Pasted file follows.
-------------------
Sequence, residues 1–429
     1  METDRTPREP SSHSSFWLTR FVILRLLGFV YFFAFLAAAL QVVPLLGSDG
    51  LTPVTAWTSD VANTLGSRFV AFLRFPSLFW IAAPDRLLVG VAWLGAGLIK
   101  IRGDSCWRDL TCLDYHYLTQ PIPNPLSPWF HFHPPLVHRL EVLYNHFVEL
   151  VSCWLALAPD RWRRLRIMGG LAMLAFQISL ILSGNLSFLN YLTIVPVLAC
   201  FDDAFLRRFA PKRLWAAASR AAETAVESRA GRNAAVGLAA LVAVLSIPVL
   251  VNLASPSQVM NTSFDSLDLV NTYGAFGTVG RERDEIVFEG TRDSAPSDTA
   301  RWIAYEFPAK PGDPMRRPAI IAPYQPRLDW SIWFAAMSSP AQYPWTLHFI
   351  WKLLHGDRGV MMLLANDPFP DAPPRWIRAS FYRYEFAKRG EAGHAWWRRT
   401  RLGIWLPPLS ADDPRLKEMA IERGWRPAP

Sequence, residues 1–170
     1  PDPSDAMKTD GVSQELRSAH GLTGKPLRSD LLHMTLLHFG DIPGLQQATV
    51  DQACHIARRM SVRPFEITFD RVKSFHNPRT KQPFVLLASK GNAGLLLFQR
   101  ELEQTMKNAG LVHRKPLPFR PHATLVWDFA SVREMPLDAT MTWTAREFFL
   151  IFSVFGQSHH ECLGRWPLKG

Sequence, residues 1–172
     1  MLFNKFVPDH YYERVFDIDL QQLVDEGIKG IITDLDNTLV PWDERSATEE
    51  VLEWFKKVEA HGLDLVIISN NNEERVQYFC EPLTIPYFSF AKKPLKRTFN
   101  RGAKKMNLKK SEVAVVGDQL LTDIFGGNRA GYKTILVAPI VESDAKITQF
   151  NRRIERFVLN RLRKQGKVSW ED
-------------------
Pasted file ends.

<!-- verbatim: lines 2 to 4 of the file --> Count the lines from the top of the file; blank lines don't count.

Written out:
     1  METDRTPREP SSHSSFWLTR FVILRLLGFV YFFAFLAAAL QVVPLLGSDG
    51  LTPVTAWTSD VANTLGSRFV AFLRFPSLFW IAAPDRLLVG VAWLGAGLIK
   101  IRGDSCWRDL TCLDYHYLTQ PIPNPLSPWF HFHPPLVHRL EVLYNHFVEL